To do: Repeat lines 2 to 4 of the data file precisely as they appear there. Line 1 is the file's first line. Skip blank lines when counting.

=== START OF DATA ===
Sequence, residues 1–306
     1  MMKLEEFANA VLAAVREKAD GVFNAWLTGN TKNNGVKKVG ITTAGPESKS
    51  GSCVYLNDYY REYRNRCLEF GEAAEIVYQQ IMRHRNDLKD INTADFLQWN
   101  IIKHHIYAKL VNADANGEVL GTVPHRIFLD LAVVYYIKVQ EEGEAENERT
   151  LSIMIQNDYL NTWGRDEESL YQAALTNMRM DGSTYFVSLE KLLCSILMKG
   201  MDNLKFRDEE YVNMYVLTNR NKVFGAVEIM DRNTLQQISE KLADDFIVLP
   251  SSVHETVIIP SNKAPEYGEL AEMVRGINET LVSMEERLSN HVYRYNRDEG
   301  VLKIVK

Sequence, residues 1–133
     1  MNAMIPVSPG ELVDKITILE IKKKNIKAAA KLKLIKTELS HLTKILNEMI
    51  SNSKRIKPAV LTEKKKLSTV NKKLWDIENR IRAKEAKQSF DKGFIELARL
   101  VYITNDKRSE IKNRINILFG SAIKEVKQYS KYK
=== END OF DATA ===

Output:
     1  MMKLEEFANA VLAAVREKAD GVFNAWLTGN TKNNGVKKVG ITTAGPESKS
    51  GSCVYLNDYY REYRNRCLEF GEAAEIVYQQ IMRHRNDLKD INTADFLQWN
   101  IIKHHIYAKL VNADANGEVL GTVPHRIFLD LAVVYYIKVQ EEGEAENERT